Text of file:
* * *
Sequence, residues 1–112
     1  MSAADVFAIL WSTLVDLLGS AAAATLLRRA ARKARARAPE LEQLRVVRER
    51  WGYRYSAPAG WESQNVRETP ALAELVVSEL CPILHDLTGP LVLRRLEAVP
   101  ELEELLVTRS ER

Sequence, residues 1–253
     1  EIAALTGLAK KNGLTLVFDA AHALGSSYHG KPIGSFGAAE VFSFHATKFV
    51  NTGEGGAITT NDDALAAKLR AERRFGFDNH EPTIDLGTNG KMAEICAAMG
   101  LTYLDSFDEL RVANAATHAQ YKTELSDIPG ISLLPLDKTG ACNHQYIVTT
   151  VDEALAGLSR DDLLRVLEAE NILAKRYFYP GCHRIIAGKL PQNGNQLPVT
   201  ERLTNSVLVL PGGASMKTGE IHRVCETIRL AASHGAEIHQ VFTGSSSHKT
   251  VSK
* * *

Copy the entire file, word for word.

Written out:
Sequence, residues 1–112
     1  MSAADVFAIL WSTLVDLLGS AAAATLLRRA ARKARARAPE LEQLRVVRER
    51  WGYRYSAPAG WESQNVRETP ALAELVVSEL CPILHDLTGP LVLRRLEAVP
   101  ELEELLVTRS ER

Sequence, residues 1–253
     1  EIAALTGLAK KNGLTLVFDA AHALGSSYHG KPIGSFGAAE VFSFHATKFV
    51  NTGEGGAITT NDDALAAKLR AERRFGFDNH EPTIDLGTNG KMAEICAAMG
   101  LTYLDSFDEL RVANAATHAQ YKTELSDIPG ISLLPLDKTG ACNHQYIVTT
   151  VDEALAGLSR DDLLRVLEAE NILAKRYFYP GCHRIIAGKL PQNGNQLPVT
   201  ERLTNSVLVL PGGASMKTGE IHRVCETIRL AASHGAEIHQ VFTGSSSHKT
   251  VSK